Avoid being Hooked by a Phishing Scam

October 08, 2018

The email from your bank looked so convincing! The logo was right. The colors were right. Even the linked URL seemed legitimate. You never suspected that this official-looking email would leave you with drained bank accounts.

Phishing—the act of luring you into a damaging scam through the use of counterfeit email and websites—has been around for more than ten years.

Phishers can impersonate any organization—your bank, credit card company, retailers, even your university. But, with a little caution and elevated awareness, you can avoid becoming a victim. These warning signs and tips are excellent starting points.

  • Limit what you share online. The less you share about yourself, the smaller the target you are for a phishing attack. Cybercriminals use information you post online to lull your suspicions.

  • Protect your credentials. No legitimate company or organization will ask for your username and password or other personal information via email. Your school definitely won't. Still not sure if the email is a phish? Forward the suspicious email to [email protected].

  • Confirm identities. Cybercriminals steal organization and company identities, including logos and URLs that are similar to the links they're trying to imitate. To protect yourself, never click on a link provided in an email. If the email claims to come from a company you already deal with, use your own bookmarked link or search their site online to be sure you are going to the real thing.

  • Watch out for minor errorsMany phishing attacks originate outside the United States, written by people for whom English is a second language. This sometimes results in misspellings, awkward phrases, or just plain bad grammar. Be suspicious if you see any of these signs.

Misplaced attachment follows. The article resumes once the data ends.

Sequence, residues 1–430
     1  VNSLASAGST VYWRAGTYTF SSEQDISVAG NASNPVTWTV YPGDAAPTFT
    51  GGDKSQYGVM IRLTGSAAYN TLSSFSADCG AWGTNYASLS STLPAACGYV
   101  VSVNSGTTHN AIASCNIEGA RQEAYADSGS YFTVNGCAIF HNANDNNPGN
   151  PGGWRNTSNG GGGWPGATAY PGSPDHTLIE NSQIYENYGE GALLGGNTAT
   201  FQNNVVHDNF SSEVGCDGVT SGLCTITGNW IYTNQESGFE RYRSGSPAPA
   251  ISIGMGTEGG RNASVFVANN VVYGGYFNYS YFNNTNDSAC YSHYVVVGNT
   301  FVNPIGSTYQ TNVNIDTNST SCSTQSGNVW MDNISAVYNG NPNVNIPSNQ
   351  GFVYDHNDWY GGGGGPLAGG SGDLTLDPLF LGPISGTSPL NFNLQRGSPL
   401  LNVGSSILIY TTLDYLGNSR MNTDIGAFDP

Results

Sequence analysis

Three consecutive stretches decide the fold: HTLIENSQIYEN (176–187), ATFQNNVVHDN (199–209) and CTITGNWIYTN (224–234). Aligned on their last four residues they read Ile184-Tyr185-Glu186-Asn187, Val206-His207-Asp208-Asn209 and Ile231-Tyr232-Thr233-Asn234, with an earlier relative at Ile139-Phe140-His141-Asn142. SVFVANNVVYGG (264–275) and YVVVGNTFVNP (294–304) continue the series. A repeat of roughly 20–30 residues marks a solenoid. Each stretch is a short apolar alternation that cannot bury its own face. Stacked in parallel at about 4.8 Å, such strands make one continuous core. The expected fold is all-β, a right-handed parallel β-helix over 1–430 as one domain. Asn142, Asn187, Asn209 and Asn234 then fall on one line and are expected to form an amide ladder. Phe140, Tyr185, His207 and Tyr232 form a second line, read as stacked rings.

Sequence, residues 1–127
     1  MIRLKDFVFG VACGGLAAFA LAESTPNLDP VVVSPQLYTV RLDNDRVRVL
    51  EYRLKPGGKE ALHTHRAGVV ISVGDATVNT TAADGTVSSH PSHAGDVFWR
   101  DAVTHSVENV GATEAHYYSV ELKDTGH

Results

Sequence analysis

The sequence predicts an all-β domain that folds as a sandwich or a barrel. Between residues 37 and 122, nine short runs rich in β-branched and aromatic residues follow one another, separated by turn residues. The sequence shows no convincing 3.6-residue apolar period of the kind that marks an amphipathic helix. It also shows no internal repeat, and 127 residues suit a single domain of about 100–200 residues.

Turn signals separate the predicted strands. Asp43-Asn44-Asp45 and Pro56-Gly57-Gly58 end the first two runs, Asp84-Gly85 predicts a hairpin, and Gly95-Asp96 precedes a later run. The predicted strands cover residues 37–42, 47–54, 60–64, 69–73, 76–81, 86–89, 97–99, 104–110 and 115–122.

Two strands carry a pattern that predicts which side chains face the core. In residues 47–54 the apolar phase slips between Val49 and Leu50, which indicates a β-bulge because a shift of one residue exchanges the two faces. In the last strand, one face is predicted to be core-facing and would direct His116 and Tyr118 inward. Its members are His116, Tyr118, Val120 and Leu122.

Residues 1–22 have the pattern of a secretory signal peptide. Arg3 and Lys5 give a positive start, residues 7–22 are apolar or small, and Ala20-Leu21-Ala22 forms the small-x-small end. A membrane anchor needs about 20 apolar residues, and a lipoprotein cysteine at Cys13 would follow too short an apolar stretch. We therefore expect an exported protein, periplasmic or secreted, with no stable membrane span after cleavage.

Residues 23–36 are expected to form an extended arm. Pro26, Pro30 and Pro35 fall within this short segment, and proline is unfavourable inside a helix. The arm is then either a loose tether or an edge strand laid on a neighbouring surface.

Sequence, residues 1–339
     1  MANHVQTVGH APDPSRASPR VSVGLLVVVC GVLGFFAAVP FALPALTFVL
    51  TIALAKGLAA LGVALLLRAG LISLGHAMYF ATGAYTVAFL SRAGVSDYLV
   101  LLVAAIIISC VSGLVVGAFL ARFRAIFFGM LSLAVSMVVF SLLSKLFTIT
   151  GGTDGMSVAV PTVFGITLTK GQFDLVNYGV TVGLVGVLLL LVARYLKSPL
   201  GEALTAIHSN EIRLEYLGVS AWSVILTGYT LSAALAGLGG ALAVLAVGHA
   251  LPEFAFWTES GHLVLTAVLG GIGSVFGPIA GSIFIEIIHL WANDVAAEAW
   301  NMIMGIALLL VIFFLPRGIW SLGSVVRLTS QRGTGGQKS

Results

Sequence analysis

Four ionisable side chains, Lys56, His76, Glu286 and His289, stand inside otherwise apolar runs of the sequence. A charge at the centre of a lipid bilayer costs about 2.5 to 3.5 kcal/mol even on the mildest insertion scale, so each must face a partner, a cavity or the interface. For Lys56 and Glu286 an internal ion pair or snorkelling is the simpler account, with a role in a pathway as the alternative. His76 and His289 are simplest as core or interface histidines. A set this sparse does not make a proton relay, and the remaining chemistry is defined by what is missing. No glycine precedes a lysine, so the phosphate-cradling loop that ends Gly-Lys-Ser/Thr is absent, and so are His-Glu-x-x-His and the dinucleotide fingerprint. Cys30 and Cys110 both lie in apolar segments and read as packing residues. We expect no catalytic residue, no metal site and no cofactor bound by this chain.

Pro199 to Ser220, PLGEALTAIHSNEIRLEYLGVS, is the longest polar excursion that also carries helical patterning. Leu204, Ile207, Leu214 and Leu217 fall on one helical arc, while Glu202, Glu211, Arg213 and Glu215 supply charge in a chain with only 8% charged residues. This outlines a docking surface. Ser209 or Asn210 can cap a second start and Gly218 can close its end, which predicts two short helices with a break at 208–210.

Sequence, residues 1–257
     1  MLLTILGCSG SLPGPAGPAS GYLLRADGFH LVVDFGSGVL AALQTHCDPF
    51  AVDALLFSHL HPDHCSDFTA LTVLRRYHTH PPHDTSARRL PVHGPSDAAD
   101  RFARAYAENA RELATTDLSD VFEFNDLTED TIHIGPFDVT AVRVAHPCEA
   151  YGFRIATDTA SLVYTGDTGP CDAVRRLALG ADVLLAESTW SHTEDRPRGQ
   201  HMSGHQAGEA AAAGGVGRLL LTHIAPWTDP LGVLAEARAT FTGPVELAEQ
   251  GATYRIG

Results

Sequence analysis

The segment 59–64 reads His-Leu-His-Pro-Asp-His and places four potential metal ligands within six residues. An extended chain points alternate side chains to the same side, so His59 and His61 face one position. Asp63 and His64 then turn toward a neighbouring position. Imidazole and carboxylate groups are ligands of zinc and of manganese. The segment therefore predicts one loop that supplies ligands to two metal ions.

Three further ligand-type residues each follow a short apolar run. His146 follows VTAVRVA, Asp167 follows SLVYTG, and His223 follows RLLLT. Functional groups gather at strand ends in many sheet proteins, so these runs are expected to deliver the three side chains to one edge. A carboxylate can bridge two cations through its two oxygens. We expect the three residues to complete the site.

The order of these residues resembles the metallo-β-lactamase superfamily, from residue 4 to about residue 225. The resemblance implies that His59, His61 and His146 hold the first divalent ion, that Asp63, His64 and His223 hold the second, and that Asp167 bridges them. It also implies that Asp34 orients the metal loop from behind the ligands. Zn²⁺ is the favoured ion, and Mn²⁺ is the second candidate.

• Who sent it?  Check the sender's email address. Any correspondence from an organization should come from an organizational email address.

  • Beware of attachments. Email attachments are the most common vector for malicious software. When you receive an unexpected message with an attachment, delete it.

  • Beware of all links. A common scam is to send you a fake invoice for downloaded books, music, etc. The emails instruct you to click on a link if you didn’t order that merchandise or service. If you do, they will gain access to your computer. It is so tempting to say, “No, I never ordered that!” Don’t give in. Just ignore and forward it to [email protected]

It is hard to be constantly on guard against phishing attacks but following these suggestions and staying alert to the warning signs can go a long way to protecting yourself.